What benefits did Excellus see as a result of their data governance program? First, they improved the Provider Remittance Process (payments). By focusing on this single business process, the data governance group was able to drive higher customer satisfaction with lower internal effort. How? By monitoring the data and automating.
Notice that Joan talks about getting a hard ROI number. Start with a small, controlled project that can show tangible results. Then capture the benefits by defining and tracking key metrics. These metrics help you build your case to senior management.
The other major point here is to recruit the right people from your organization. Data governance is a business problem, and needs to be driven by people who understand the business. You can always take classes on specific technologies, but 30 years of business experience is priceless.
Notice the great return on investment for this single project—and we’re not even counting the financial benefits of speedier payment time. Nor are we counting decreased labor costs from no longer dealing with the returned mail.
How do SAP tools help? SAP’s technology helps you scale your data governance efforts via automation. We have tools that help in the on-boarding stage of your information. In this stage, focus on understanding and quantifying the information you are getting AND on establishing policies for how long you need to retain this information. Tools to highlight here are Information Steward and Data Services.
The second phase is the active use of that information. Companies send a lot of time in this phase. Cleansing projects happen in this phase, as well as master data management projects. However, don’t overlook the importance of a continuous information governance effort, which would include enforcing standards and policies at point-of-entry. Tools to highlight here are Information Steward, Data Services, Master Data Management, Extended Enterprise Content Management (ECM), and Business Process Management.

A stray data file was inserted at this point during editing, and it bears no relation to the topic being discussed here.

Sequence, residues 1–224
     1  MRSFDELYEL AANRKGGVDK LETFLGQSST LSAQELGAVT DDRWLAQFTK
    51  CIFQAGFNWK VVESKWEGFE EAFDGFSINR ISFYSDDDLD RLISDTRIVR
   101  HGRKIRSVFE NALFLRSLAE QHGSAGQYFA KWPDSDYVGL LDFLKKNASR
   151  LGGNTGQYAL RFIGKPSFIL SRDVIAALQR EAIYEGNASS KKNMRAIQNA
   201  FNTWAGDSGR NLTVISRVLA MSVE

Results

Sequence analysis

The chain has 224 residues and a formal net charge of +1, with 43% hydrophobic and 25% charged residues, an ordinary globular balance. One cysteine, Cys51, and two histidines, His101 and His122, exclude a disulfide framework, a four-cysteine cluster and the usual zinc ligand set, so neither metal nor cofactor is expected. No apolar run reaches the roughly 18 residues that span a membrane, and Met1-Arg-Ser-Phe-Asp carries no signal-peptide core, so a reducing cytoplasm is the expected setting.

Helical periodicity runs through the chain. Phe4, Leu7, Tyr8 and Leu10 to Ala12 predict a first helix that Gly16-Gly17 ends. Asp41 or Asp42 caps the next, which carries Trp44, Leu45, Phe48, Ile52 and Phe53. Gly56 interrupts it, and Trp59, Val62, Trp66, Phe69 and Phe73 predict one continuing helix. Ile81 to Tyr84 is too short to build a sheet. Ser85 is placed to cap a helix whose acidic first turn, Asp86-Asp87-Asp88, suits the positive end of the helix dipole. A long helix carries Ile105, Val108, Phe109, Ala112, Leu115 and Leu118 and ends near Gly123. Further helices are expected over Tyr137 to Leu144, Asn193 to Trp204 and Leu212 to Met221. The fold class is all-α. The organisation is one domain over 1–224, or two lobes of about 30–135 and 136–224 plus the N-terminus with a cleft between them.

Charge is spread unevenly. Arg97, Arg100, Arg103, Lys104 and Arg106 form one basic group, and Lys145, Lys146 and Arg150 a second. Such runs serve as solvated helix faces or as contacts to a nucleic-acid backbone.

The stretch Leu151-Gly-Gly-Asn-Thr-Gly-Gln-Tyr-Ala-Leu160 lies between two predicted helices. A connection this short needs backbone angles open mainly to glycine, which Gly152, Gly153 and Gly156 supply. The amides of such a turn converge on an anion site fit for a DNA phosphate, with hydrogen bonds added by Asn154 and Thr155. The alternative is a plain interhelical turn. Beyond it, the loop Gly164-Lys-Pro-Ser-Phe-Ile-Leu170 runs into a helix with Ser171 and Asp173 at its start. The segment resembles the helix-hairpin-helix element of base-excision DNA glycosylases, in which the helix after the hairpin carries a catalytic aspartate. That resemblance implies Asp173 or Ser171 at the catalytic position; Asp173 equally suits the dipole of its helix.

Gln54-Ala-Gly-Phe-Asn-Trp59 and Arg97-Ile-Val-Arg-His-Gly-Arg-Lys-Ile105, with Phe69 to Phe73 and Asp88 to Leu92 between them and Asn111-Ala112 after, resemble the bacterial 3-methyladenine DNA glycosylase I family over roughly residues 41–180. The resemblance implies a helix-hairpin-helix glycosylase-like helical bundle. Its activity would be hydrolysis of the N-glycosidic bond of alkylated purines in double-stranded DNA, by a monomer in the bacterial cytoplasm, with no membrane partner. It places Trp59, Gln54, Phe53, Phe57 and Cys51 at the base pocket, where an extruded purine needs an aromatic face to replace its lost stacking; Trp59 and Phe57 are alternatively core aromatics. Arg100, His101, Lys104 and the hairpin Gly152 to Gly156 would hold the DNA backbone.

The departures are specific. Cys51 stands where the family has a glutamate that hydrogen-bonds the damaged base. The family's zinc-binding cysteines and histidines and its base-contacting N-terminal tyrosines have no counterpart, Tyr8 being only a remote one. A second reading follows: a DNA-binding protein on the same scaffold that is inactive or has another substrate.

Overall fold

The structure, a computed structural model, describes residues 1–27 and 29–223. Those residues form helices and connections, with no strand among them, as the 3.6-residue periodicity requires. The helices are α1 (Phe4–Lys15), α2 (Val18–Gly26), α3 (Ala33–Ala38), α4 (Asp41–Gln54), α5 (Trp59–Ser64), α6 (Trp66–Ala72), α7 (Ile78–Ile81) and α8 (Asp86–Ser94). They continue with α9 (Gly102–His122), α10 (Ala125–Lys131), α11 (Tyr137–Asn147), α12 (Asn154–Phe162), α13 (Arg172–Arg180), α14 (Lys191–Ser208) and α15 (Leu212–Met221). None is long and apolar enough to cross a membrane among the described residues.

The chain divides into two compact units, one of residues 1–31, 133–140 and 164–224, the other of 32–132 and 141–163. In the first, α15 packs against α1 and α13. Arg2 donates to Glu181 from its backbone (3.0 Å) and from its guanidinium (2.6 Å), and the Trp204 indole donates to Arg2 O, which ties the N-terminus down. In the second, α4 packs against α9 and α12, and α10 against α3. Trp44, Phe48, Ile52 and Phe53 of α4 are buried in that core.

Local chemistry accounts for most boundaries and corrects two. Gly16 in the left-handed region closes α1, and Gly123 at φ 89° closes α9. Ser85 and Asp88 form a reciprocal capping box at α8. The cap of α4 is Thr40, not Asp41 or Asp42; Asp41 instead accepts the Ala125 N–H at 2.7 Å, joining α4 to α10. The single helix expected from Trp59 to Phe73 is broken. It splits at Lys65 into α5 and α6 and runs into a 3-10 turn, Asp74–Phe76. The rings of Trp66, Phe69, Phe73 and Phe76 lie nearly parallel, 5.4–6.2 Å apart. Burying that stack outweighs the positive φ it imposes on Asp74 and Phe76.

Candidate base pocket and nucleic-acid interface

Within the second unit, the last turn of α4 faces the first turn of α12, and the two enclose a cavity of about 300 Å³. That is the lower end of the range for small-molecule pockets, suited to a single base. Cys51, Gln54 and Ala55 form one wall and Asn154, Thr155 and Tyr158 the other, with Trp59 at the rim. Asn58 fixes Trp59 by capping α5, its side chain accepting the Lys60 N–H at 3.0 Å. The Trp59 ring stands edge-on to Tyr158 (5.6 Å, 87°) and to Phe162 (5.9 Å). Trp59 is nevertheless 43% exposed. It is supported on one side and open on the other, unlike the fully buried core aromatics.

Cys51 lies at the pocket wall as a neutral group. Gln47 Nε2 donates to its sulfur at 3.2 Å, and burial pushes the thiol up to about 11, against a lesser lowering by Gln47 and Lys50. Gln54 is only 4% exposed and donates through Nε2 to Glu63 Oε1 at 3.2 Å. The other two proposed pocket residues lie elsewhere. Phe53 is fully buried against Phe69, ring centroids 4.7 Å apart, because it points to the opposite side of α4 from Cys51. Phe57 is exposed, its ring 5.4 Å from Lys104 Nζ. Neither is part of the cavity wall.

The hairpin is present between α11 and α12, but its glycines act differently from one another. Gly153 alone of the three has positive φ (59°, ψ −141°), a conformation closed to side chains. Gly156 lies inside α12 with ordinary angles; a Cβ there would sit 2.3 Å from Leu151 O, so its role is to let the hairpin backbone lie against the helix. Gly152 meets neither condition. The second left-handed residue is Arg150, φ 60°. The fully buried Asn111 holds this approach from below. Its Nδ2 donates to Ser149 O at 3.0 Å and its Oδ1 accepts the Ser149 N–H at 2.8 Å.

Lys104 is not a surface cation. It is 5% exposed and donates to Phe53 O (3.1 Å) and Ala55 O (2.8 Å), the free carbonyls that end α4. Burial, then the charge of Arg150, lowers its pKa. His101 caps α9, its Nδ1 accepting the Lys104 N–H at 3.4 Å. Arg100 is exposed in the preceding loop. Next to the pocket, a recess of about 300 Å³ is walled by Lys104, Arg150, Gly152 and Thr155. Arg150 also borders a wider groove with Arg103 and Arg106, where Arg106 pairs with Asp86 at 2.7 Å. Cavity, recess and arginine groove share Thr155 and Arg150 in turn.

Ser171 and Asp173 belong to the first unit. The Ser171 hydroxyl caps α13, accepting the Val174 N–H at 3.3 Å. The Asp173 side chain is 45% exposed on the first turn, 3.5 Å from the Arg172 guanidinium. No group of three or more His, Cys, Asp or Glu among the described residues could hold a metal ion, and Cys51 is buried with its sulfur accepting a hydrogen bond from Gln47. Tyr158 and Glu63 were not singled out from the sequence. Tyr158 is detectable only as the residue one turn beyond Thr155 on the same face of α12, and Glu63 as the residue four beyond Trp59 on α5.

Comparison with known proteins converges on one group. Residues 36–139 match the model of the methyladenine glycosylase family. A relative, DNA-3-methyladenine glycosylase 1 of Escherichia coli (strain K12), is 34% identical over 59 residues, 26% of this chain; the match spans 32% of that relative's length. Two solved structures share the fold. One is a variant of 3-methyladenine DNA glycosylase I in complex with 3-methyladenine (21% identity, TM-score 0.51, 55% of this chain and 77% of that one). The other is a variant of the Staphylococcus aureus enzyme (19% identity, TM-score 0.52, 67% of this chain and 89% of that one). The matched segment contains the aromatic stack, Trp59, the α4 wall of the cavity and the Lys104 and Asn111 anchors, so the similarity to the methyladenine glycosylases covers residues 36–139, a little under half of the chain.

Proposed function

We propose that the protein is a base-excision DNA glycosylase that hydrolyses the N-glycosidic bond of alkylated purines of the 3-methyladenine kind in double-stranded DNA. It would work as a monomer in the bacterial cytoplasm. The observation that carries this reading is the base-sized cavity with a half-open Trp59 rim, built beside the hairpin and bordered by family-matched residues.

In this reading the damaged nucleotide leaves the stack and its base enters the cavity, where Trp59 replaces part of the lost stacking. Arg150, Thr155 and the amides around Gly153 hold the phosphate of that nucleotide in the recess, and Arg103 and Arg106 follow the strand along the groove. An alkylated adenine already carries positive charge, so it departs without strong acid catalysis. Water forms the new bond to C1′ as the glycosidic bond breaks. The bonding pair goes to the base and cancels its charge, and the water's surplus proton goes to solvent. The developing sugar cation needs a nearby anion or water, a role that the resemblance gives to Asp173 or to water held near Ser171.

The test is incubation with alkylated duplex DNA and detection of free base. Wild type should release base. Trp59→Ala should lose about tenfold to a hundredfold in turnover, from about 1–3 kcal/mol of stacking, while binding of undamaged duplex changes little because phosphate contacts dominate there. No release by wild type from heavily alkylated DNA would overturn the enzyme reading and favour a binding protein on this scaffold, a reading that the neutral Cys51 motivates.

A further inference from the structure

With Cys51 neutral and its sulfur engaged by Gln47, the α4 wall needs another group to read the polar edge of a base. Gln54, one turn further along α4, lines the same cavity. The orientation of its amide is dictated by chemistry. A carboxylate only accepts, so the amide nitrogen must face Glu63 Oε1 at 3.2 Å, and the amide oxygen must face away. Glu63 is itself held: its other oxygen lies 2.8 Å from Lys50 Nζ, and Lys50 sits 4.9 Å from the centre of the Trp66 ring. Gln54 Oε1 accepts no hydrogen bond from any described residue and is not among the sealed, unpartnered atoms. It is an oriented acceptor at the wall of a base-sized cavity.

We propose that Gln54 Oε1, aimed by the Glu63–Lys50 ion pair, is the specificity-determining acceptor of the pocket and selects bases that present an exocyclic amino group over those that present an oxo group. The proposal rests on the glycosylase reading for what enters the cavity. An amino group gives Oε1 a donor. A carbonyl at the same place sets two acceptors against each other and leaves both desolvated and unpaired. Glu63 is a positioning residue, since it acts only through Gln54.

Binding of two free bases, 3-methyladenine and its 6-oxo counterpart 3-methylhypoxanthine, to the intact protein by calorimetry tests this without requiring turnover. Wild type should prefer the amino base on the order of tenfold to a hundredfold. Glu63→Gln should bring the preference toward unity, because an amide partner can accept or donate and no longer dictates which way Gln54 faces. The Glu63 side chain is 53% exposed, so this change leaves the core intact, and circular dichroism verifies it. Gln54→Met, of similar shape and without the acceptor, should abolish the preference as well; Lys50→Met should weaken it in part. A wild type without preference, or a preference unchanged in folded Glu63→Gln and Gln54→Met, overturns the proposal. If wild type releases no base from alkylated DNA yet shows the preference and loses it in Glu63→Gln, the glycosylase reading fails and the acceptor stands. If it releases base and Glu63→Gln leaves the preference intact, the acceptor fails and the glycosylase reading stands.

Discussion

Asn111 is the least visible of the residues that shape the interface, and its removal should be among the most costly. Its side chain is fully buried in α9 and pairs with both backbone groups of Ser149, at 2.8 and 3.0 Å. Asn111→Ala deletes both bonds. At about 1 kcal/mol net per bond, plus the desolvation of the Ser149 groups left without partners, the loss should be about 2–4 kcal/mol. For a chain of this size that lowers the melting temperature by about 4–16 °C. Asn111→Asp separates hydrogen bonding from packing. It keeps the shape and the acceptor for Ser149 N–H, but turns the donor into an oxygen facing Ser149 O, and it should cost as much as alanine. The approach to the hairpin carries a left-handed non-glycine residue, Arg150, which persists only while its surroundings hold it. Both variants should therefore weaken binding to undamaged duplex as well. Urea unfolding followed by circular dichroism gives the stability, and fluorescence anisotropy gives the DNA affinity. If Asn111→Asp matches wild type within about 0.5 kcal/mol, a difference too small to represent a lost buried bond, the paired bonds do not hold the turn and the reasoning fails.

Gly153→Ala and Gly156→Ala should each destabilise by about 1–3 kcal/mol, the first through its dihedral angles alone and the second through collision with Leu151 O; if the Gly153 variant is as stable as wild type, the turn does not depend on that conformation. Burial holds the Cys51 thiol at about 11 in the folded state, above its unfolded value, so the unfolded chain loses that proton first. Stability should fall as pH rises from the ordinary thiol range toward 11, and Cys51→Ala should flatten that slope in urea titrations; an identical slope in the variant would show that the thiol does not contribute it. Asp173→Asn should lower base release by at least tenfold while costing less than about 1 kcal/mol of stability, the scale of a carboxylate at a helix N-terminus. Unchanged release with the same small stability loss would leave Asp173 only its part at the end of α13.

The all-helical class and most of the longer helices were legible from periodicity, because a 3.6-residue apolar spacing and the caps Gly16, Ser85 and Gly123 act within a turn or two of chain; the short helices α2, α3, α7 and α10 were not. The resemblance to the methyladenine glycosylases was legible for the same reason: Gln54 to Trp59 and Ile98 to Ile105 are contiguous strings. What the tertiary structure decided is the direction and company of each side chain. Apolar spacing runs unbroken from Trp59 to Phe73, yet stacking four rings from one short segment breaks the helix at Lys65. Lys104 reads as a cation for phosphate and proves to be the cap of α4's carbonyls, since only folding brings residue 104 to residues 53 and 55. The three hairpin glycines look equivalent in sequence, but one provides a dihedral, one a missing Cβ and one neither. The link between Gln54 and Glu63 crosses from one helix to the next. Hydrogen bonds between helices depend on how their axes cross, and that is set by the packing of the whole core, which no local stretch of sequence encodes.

Finally, make sure that your Data Stewards are understanding the retention and archiving policies of key information elements. By defining these policies in the On-boarding phase, you’ll be able to accurately enforce them in the Off-boarding phase. Without up-front definition, how do you know when you’ve reached the Archive phase? The tool to highlight here are Information Lifecycle Management.
Finally, let’s reinforce the key learning points. Senior management support is key. You need that YES email to go out to your organization. Data is not an IT issue. Data is not a single Line of Business issue. It crosses all boundaries and connects the dots.
Choose a hard ROI project like Joan’s Provider Remittance. Or attach yourself and information governance principles to a strategic initiative, like business process re-engineering.
Let Data Quality Management (part of the Data Services package) help you attain and enforce high levels of quality for data elements with broad impact.
Let Information Steward help you scale in your profiling, assessment, monitoring, and metrics efforts. Those efforts, if done manually, can be time consuming.
Evangelize, evangelize, evangelize. Never stop selling your message. Joan and Amy wear Sherriff badges at work sometimes. When people ask about the badge in the elevator, they have a perfect opportunity to talk about their work in data governance.
For related information, check out the ASUG Data Governance Special Interest Group.